The Empire State Building Lights Up For the Christmas Spectacular
It’s official:The holiday season is officially here!
To celebrate the opening night of the 2016 Christmas Spectacular, we flipped the switch at the Empire State Building to light up the New York City skyline with the colors of the holiday season: red and green!
“Year after year the show creates holiday memories for families all over the world,” says Joseph Bellina, General Manager of the Empire State Building. “We are proud to celebrate another season with this time-honored New York City tradition.”
So when did the Empire State Building first shine its lights? On May 1, 1931. The Empire State Building officially opened for business when President Herbert Hoover turned on the building’s lights with the push of a button from Washington, D.C. Since then, the landmark skyscraper and its brilliant lights have become an iconic part of the New York City skyline.
About 45 years later, in 1976, visitors and residents alike were wowed when the building went Technicolor for the first time, donning red, white and blue to mark the nation’s bicentennial. Since its first foray into color, the Empire State Building has never looked back.
There’s much to love about one of the world’s most popular tourist attractions—here are a few fun facts about the famous skyscraper:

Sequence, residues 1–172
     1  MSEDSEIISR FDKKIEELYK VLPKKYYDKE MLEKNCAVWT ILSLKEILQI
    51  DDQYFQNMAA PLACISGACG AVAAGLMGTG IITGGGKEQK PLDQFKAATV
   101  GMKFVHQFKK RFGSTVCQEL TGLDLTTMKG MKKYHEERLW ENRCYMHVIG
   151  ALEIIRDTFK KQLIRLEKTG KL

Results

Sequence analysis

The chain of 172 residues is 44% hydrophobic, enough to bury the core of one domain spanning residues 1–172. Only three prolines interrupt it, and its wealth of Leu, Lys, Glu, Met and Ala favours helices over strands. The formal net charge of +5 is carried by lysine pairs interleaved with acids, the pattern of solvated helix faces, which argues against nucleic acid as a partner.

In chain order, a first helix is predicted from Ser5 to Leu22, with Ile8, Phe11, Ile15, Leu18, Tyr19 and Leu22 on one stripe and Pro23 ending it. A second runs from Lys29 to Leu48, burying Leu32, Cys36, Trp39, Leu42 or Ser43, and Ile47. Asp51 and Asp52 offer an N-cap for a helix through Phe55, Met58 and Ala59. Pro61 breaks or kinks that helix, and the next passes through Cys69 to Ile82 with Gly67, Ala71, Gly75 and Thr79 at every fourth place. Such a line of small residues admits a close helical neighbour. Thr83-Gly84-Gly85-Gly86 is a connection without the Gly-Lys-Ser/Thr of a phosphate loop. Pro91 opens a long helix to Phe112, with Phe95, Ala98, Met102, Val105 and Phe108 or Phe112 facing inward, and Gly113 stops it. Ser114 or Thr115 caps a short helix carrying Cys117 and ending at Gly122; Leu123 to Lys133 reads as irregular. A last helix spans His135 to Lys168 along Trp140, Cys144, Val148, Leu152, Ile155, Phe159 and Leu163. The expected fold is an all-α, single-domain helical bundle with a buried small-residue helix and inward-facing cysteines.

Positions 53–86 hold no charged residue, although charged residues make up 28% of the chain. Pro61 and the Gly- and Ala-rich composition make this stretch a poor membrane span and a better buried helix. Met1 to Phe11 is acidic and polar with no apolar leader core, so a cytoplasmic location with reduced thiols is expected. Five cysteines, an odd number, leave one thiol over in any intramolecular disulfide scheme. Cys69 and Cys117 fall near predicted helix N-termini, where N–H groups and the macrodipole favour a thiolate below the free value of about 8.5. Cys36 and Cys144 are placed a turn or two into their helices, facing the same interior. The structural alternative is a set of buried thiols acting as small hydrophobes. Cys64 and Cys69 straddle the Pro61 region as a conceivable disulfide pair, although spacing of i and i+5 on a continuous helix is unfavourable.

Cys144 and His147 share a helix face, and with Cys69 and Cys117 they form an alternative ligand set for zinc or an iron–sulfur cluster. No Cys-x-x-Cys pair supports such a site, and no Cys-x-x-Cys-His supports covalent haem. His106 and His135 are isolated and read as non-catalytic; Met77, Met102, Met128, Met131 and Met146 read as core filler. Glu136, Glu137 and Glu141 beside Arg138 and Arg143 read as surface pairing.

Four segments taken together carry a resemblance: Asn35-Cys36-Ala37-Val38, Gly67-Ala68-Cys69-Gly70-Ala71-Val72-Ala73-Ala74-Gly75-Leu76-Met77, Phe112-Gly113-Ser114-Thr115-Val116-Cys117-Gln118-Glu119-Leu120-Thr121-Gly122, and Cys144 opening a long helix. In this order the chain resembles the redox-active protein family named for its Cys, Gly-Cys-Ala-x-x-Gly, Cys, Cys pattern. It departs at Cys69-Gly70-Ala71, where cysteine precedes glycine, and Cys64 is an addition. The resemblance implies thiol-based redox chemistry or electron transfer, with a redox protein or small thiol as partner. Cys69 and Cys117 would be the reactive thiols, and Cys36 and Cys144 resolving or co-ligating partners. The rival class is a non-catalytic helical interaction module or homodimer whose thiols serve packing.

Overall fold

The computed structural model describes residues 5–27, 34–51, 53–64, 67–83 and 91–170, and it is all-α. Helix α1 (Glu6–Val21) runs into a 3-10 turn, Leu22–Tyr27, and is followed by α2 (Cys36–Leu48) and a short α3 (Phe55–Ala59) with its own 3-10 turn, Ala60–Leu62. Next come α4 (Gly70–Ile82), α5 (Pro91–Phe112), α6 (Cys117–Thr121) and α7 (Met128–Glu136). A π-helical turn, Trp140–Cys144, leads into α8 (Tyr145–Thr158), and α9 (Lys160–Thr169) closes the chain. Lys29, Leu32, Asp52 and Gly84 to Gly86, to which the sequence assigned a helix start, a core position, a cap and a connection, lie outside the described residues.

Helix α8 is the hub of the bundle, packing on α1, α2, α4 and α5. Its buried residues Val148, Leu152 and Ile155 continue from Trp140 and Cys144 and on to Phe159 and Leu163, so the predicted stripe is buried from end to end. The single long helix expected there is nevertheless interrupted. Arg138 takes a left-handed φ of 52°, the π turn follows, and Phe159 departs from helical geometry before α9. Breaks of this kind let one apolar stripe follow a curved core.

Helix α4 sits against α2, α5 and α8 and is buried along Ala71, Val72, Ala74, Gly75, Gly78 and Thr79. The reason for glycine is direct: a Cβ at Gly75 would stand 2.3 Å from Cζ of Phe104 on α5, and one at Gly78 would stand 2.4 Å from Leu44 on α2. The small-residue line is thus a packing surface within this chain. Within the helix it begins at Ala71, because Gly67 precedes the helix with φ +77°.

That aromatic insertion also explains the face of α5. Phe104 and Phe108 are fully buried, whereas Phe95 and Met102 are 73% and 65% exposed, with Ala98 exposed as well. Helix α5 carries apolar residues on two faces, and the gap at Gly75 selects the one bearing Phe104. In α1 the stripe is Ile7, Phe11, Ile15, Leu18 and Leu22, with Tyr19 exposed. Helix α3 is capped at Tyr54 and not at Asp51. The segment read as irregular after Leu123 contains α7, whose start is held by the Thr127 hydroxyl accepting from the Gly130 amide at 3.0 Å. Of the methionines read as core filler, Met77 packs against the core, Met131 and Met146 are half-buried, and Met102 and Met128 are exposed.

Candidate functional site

- In 2012, the Empire State Building swapped its color gels for a new LED lighting system capable of creating a staggering 16 million different color combinations.
- Thursdays-Saturdays from 9 p.m. to 12 a.m., hear a saxophonist on the 86th floor Observatory.
- It only took one year and 45 days to build the ESB, rising at 4½ floors per week.
- The top of the Empire State Building is used for broadcasting the majority of commercial TV stations and FM radio stations in New York City.
- The Empire State Building is home to so many businesses that it has its own ZIP code: 10118.
- On a clear day, visitors to the Empire State Building’s observation decks can see five states: New York, New Jersey, Connecticut, Pennsylvania and Massachusetts.
- The Empire State Building Run-Up (ESBRU)—the world’s oldest and most famous tower race—challenges runners from around the globe to race up its famed 86 flights—1,576 stairs. While visitors can reach the building’s Observatory via elevator in under a minute, the fastest runners cover the 86 floors in about 10 minutes.
- On foggy autumn and spring nights, the lights are turned off so that migrating birds don’t get confused by the bright lights and fly into the building.
- Couples who marry on the 80th floor each year on Valentine’s Day become members of the Empire State Building Wedding Club, and receive free admission to the observatory each year on their February 14th anniversary.
- The Empire State Building is struck by lightning an average of 23 times a year.
- The Empire State Building is ranked number one on the list of America’s Favorite Architecture by the American Institute of Architects.
- Couples should be careful kissing on the top of the Empire State Building because the static electricity is so strong that people on the observatory floor can see sparks when they smooch.
- The Empire State Building is the tallest LEED certified building in the United States.
- The 102nd Floor Observatory was originally planned as a check-in area for airships docked at the tower.